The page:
Three actors charged through 37 Shakespeare plays in two hours on June 13 and will continue to do so until the end of the month in Theatre 101.
“The Complete Works of William Shakespeare (abridged)” is a theater performance presented by the Virginia Tech School of Performing Arts & Cinema as part of the Summer Arts Festival.
According to the School of Performing Arts & Cinema website, this play was the longest-running production in the West End at the Criterion Theatre in London, England.
Director Gregory Justice, Associate Professor in the Department of Theatre and Cinema, said the show sold out every night in the 2011 production of the play, which he also directed.
Justice said that changes are constantly being made to the script, which is encouraged by the writers. He said the cast and crew are also a part of the creative process.
Patrick Mahaney joined recent Tech graduates Stephanie Ramsey and Jason Tyler Tolbert to complete the cast two weeks before the show. Mahaney said he was worried about having limited time to learn the part.
“I had awesome cast mates and crew, so learning this show in two weeks was much less than the Olympic feat that everyone is telling me,” Mahaney said.
“The Complete Works of William Shakespeare (abridged)” not only challenges the actors to learn their roles but to also bring their characters to life beyond what is scripted. Justice said he needed actors who were adaptable to improvisation.
One reason the actors need to be flexible is during the play they open the doors that lead from the stage to the amphitheatre behind Theatre 101. This attracts more audience members and reveals any activities occurring outside.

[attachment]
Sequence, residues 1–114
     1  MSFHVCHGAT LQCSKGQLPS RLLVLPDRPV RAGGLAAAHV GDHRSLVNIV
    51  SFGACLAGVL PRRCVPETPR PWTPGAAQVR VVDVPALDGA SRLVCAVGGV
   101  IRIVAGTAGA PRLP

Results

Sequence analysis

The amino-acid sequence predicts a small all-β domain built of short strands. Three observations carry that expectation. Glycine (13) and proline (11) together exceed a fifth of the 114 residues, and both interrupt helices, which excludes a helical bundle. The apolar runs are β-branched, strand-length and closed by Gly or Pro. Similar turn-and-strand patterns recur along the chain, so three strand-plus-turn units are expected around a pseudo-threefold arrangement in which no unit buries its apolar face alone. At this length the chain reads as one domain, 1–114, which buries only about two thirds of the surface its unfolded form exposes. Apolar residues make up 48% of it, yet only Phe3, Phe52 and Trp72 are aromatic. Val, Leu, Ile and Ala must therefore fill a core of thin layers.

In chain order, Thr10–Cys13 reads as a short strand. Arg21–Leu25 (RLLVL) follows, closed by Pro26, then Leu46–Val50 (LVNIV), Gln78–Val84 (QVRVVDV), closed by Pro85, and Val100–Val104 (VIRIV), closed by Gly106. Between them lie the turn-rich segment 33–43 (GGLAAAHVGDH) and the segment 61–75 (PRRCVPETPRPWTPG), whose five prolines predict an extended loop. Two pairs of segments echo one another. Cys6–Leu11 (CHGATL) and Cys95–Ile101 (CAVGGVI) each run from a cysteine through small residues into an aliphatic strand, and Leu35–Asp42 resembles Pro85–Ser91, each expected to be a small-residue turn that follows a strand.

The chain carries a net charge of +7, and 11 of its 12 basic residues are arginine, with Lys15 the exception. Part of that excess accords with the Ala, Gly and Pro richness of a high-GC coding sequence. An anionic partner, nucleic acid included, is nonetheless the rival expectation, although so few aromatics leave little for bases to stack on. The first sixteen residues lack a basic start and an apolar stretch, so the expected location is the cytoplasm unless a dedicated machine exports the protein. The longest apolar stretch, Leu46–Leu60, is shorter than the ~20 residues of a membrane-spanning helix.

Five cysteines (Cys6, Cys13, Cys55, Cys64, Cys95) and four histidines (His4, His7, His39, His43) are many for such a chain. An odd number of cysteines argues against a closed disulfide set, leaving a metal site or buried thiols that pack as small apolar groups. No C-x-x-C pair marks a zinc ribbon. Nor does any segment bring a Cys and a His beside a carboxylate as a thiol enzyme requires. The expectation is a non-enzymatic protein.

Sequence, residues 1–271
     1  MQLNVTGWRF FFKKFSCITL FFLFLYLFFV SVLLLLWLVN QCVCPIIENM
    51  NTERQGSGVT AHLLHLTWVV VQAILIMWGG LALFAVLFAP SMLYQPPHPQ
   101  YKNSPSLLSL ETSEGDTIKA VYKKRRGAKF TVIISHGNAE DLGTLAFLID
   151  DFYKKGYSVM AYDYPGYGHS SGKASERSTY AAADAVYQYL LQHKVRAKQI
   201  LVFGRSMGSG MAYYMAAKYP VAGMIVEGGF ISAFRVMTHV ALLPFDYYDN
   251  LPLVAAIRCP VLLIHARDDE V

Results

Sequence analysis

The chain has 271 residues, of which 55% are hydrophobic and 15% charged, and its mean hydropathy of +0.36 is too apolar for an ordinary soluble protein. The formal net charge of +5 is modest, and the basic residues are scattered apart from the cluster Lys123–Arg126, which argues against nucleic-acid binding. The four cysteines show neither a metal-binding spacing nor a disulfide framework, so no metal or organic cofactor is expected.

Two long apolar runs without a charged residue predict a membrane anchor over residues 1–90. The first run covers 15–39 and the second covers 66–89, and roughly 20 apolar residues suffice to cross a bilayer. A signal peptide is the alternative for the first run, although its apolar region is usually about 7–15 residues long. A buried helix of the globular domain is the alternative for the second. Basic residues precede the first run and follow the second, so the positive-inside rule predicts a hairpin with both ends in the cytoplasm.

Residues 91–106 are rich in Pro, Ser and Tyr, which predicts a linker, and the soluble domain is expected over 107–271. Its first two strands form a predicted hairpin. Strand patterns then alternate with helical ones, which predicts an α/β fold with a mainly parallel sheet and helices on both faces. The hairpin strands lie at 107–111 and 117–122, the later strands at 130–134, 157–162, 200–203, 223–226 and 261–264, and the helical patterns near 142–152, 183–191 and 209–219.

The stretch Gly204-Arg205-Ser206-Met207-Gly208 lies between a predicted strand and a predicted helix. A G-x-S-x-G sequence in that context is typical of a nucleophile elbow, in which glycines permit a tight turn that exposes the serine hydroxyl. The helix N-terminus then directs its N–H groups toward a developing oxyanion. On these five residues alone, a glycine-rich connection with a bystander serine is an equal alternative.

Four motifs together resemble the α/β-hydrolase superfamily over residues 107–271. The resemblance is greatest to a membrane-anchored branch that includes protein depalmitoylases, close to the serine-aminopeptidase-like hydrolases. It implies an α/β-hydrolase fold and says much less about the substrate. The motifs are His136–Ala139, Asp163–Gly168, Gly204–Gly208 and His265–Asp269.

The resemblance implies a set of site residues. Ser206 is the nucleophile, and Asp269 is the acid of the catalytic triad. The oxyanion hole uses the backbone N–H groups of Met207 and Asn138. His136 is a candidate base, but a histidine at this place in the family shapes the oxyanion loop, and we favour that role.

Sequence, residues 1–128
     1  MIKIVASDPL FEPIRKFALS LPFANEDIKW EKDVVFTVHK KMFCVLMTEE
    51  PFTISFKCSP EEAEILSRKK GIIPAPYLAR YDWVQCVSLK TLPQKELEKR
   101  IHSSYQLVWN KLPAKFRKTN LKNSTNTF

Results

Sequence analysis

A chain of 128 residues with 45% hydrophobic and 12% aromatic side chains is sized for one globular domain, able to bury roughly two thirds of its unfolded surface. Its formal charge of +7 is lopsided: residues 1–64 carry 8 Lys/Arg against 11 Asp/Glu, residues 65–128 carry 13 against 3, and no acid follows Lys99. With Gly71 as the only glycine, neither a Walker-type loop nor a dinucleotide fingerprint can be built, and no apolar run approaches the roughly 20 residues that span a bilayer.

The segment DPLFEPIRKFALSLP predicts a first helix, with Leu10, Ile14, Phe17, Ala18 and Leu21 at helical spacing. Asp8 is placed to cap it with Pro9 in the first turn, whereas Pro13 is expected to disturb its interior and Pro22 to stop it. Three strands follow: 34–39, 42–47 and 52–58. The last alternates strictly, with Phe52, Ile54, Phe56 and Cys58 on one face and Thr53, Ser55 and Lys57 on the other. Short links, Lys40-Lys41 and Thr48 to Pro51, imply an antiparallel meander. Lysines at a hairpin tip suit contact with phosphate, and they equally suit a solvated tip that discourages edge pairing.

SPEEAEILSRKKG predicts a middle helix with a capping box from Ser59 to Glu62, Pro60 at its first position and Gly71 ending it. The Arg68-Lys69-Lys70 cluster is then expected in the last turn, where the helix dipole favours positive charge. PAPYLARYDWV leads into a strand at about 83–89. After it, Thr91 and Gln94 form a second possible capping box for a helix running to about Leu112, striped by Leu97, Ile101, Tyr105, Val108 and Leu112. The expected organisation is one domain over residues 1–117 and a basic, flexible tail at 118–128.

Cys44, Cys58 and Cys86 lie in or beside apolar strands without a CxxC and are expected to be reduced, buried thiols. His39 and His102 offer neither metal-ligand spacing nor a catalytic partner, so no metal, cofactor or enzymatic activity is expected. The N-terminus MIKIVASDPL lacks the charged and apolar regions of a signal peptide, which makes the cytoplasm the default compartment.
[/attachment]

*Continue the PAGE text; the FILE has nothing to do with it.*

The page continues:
“When we open the doors, you never know what’s going on out there,” Justice said. “They have to go with the flow, which would scare me to death.”
Community members, Nathan Sharp and his daughters, were drawn to the stage by a prop that was flung outside the open doors. Sharp and his daughters joined the audience, watching the show from the amphitheatre outside. Sharp said they began watching because it looked like fun.
“You don’t know what’s going to happen every night,” Justice said. “That’s why when I cast this, I was looking for actors that were skilled at improv, and all three of the actors are.”
Another improvisation aspect of the show is the audience is invited to be an active part of the experience.
One audience member who participated was Todd Guill. He was brought on stage during the June 15 show to play in the balcony part of the “Romeo & Juliet” section. Guill was originally casted for the play but was unable to take time from work for the production.
The remaining show dates are June 21-23 and 27-30. The box office opens at 5:15 p.m. before each show. Tickets are free and given on a first come, first serve basis.